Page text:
Cladistics and Evolution
The earth is a continually evolving sphere, composed of billions of different creatures – humans, bees, flies, ants, dogs, cats, crocodiles, birds, trees, vines, plants; the list is endless. The number is so vast that one lifetime would not be enough to be able to witness every single organism in full detail. Plus, there are of course trillions more of organisms so small they are virtually invisible to the naked eye. Each of these living things are different from each other that one would find it impossible to believe that they just might be related to one another.
In science, there is always a need to be able to study every single thing that might be of interest to the researcher. And unfortunately, to a very dedicated scientist, each living organism is an interesting subject. But how to begin analyzing thousands and thousands of species? And how to rationale the great diversity found all around the earth?
Before going to that, one must first learn that Biology, the science that deals with living organisms, had a very slow and stunted growth.
Aside from the inadequate technology that would allow better understanding of different organisms, Biology also battled against several feuds, such as the beliefs and dogmas of the Church (Silver, 2000). Evolution is a concrete example of a Biological idea that was turned down and criticized over and over again by certain societies and groups of people (Silver, 2000). For some time, the study on evolution showed a very slow progress, until several evidences and techniques gave rise to new knowledge and a better understanding on the topic.
Cladistics is one of the tools used to help study and promote evolution. This technique was designed by Willi Hennig in the 1950’s as a way of species classification. In classifying, organisms can be packed into groups, creating an organized and systematic way of differentiating and comparing certain types of species. In cladistics this classification is done based on the organism’s ancestry. This way, organisms that are said to be from a common ancestor would be classified and grouped in a family called the clade (Kazlev, 2001). Cladistics is very much based on the evolution of the organism. This type of classification not only helps group families together, but also gives an idea on how the organism evolved through time, when did it branched out from its family, and what features did it develop that made it different.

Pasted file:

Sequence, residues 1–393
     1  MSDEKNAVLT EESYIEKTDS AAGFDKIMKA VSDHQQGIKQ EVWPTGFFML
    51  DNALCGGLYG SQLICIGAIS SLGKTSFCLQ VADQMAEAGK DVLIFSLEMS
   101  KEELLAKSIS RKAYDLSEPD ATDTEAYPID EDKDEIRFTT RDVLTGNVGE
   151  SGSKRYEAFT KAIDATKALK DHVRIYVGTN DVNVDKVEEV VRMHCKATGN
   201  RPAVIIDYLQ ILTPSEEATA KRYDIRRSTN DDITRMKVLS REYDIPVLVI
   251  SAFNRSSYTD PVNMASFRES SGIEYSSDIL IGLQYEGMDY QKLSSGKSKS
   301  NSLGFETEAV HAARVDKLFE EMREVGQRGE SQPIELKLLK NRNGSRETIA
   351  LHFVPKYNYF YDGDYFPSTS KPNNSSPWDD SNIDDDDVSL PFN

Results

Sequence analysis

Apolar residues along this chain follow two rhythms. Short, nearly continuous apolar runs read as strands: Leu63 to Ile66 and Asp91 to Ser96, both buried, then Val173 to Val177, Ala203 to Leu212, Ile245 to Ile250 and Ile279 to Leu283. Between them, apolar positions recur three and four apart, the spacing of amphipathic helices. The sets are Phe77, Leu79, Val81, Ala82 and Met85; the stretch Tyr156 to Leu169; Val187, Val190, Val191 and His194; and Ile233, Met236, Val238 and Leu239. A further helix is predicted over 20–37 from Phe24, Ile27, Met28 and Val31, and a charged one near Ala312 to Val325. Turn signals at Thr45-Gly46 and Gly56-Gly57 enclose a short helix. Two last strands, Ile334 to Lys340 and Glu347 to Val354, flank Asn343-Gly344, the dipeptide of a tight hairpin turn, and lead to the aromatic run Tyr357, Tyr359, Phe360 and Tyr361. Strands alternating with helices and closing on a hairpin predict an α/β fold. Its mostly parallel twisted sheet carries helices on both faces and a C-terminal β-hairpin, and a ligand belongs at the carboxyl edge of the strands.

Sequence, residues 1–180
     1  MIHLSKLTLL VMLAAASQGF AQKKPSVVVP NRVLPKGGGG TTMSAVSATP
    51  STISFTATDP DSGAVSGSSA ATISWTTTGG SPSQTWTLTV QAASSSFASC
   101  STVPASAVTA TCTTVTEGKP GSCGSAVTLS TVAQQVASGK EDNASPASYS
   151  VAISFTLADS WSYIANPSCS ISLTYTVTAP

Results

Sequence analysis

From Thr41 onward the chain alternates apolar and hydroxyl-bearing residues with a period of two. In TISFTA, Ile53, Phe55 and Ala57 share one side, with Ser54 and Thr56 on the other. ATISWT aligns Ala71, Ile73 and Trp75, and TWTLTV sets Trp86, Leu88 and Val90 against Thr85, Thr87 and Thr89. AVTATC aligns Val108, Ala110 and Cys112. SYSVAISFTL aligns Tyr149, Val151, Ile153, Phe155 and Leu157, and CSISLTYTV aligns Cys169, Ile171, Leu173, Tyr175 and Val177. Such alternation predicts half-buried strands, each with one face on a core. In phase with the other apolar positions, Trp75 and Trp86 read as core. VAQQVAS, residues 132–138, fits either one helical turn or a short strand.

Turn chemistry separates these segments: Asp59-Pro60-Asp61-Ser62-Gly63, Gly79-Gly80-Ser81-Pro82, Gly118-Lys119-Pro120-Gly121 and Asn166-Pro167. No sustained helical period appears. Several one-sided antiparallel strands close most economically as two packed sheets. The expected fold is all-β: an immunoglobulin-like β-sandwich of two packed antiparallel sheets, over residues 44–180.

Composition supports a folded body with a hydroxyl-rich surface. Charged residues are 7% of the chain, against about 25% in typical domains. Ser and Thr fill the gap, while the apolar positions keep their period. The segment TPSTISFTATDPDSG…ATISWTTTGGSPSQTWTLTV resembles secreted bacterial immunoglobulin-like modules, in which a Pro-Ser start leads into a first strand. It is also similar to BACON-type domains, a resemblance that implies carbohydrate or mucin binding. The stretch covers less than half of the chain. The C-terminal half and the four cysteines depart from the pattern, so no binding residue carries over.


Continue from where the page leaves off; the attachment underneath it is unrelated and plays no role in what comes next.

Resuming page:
A cladistics data can be seen in a diagram called the cladogram. This is a picture of lines, with smaller lines branching from different positions. The point on which a branch arises shows the common ancestor the two branches were derived from. This means that both organisms on the branches have a set of shared characteristics and features derived from a single origin (Kazlev, 2001). This suggests an evolution, on which an organism slowly changed through time, gaining or losing certain features that made it different from its fellows.
The popular use of cladistics in classifying and in many other studies strengthened the theories about evolution. It was able to provide concrete evidence on organisms evolving and branching out from their original ancestral beings. And most importantly, it was also able to suggest sufficient and logical explanations on the diversity of creatures in Planet Earth and how they came to be.
Kazlev, M.A. (2001). Cladistics, Phylogentic Systematics. Kheper Website. Retrieved May 08, 2008, from http://www.kheper.net/evolution/systematics/cladistics.htm
Silver, B.L. (2000). The ascent of science. New York: Oxford University Press
Cite this Cladistics and Evolution
Cladistics and Evolution. (2016, Sep 29). Retrieved from https://graduateway.com/cladistics-and-evolution/